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charstr.h

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00001 //charstr.h - static and dynamically allocated strings
00002 
00003 #ifndef __CHARSTR_H__
00004 #define __CHARSTR_H__
00005 
00006 #include "defs.h"
00007 
00008 #define STR_STATIC  's'         // constants for type argument of charstr constuctor
00009 #define STR_DYNAMIC 'd'
00010 
00011 //This class handles automatic allocation of dynamic strings and keeps track of which strings are statick
00012 //it is used in all string arguments of XMLData/XMLAttrib methods and their return values
00013 class COM_API CharStr {
00014 
00015 private:
00016 
00017     int store_counter;  //how many times was this dynamic string stored somewhere
00018                         //or -1 if this string is static
00019 
00020 public:
00021 
00022     const char *str;
00023 
00024     //this is a special constant which one can use to indicate error (return) value
00025     //instead of returning NULL, which might cause applications to crash when they
00026     //acess the values without checking it
00027     static CharStr *Error;
00028 
00029     //construct static or dynamic string, use type 'd' (or STR_DYNAMIC) for dynamic strings,
00030     //or 's' (or STR_STATIC) for static strings. Static strings are stored only by its pointers;
00031     //for dynamic strings new memory is allocated and they are copied. Each time you store them
00032     //somewhere in the memory, call stored() method. Each time you release them, call released()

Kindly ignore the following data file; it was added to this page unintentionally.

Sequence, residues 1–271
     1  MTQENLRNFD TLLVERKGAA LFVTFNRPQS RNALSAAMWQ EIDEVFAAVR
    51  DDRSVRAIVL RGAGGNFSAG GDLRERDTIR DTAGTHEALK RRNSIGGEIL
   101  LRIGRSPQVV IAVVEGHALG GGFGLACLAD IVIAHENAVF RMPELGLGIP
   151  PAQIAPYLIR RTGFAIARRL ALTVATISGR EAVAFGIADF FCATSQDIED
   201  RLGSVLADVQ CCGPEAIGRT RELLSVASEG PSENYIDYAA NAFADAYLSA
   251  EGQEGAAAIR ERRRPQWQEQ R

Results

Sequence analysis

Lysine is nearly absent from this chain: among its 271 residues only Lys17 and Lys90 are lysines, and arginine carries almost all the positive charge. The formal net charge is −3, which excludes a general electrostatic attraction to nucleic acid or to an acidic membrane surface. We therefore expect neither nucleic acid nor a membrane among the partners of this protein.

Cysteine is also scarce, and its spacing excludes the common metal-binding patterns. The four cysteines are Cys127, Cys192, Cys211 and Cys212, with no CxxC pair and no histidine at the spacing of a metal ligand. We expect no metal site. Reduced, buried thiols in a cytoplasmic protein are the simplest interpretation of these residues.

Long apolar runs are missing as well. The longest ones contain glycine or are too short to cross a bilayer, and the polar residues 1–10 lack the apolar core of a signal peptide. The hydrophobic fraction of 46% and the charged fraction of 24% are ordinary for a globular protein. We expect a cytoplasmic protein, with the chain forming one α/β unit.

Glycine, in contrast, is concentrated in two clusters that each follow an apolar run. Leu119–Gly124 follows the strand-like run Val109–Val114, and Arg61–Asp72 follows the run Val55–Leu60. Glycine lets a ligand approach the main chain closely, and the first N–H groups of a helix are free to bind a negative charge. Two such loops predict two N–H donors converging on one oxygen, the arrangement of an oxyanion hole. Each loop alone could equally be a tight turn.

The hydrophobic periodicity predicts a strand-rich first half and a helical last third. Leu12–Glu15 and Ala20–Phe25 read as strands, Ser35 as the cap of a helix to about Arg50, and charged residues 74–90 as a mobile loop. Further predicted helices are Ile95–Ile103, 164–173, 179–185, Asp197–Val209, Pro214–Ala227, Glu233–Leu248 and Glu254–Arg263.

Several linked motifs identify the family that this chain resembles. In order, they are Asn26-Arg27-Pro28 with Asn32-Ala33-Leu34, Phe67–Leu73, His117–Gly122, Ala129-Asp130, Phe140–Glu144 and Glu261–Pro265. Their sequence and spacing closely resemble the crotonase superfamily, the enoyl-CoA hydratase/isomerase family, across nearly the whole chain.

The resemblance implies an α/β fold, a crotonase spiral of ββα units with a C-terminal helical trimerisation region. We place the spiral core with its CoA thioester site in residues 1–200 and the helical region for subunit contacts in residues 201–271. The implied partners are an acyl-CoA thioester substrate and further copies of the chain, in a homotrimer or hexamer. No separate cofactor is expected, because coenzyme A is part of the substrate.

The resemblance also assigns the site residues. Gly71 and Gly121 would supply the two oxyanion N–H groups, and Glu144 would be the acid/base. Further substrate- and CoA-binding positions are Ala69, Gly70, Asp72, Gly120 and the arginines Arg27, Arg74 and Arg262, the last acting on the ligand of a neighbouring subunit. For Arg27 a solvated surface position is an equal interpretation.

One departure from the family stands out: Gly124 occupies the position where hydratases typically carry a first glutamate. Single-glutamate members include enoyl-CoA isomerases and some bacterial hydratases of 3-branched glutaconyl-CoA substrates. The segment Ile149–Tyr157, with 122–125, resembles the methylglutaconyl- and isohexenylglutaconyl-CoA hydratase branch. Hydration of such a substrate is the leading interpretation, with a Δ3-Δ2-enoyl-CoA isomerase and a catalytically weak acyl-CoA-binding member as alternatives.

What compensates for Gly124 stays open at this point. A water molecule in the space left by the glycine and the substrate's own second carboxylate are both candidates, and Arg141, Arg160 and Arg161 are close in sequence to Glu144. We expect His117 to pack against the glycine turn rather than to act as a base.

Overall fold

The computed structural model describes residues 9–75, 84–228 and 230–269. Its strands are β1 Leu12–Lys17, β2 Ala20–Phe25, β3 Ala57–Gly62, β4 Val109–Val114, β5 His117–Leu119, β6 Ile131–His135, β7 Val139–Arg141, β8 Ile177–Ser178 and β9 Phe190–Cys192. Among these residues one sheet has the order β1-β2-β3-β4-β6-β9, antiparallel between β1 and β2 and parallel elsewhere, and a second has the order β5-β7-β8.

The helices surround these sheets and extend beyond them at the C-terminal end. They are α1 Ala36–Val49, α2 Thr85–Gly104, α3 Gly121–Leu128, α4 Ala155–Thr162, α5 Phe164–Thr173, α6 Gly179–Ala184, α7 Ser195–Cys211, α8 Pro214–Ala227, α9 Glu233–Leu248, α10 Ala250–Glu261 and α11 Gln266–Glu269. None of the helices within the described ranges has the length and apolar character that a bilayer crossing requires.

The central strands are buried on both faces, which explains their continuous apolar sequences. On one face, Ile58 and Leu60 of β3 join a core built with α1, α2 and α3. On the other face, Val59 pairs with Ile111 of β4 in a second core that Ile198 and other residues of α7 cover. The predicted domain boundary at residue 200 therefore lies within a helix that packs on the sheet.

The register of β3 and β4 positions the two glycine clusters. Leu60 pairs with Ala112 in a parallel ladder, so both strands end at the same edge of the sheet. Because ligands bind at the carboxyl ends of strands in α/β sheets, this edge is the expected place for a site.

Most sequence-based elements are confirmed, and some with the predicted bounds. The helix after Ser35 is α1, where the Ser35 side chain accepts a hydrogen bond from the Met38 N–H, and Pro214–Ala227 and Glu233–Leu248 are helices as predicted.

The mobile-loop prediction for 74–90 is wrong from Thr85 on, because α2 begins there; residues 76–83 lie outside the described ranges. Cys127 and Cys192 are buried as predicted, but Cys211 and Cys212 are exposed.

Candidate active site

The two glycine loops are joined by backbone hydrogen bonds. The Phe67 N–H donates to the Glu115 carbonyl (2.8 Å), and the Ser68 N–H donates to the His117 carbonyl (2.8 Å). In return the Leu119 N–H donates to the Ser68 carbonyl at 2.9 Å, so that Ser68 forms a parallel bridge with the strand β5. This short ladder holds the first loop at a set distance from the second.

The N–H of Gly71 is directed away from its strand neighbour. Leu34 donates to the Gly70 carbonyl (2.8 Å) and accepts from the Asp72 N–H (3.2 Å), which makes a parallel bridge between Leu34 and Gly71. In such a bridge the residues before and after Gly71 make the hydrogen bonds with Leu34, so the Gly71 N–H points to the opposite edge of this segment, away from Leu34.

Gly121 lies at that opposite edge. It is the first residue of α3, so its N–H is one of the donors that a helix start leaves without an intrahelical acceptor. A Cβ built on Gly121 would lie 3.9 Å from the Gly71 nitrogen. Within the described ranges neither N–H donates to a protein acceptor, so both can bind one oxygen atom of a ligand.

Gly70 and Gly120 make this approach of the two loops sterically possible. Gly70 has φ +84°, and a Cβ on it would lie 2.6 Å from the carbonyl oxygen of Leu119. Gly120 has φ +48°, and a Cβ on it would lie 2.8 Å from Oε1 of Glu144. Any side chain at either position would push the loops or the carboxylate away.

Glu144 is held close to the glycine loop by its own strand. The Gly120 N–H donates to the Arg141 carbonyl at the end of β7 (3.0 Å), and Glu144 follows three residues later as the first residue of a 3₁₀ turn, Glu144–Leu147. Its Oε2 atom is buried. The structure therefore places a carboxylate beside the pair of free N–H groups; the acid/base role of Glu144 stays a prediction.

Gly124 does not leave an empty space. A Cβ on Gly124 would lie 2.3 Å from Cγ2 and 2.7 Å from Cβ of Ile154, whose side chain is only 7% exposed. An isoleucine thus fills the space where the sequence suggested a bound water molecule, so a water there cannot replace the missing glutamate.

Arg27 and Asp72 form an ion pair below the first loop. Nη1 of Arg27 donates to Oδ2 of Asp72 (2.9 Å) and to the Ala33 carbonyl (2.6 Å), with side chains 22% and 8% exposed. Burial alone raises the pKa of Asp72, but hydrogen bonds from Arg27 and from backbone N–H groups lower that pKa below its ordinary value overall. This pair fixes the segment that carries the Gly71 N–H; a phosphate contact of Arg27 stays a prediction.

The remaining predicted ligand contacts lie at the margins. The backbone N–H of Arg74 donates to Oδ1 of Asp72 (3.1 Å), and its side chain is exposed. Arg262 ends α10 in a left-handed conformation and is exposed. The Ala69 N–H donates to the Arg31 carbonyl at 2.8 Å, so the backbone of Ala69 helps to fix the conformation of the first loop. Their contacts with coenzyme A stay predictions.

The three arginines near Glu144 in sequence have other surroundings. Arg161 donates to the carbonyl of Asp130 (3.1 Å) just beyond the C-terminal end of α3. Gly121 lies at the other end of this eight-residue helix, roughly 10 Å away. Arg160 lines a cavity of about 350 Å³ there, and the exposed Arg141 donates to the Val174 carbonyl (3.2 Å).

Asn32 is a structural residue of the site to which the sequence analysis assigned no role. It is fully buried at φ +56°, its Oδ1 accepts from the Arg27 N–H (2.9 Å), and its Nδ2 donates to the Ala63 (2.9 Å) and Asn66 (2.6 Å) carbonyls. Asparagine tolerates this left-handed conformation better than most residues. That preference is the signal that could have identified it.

00033     //method. Then you don't have to care about how, when, and where they are allocated/dealllocated,
00034     //i.e. they will be automatically deallocated when release() is called same number of times
00035     //as stored() has been called - i.e. when they are not stored anywhere anymore.
00036     //Static string should be used only as a global variable and defined as:
00037     //  CharStr  xs_Message("Message", 's');
00038     //While dynamic string should be allocated with new operator, typically when passing as an argument,
00039     //such as:
00040     //  setTag(new CharStr("JobID"));
00041     CharStr(const char *s, char type = STR_DYNAMIC);
00042 
00043     //construct a dynamic string by copying len characters from string s. Use this to
00044     //allocate a substring copy of s that is not terminated by '\0'.
00045     CharStr(const char *s, int len);
00046 
00047     //for convenience, this constructor converts the number into a string and allocates
00048     //dynamic string
00049     CharStr(double d);
00050 
00051     //destructor - not needed, only checks whether the object was released before
00052     ~CharStr();
00053 
00054     //should be called each time this object is stored in some variable
00055     void stored();
00056 
00057     //should be called each time this object is released from a variable where it was previously stored
00058     void released();
00059 
00060     //this is a shortcut for creating new CharStr
00061     static CharStr *create(const char *s)
00062     {
00063         if (!s) return CharStr::Error;
00064         else return new CharStr(s);
00065     }
00066 
00067     //performs initialization of static constants
00068     static int init_static();
00069 
00070 private:
00071 
00072     //default constructor not allowed
00073     CharStr() {};
00074 };
00075 
00076 #endif

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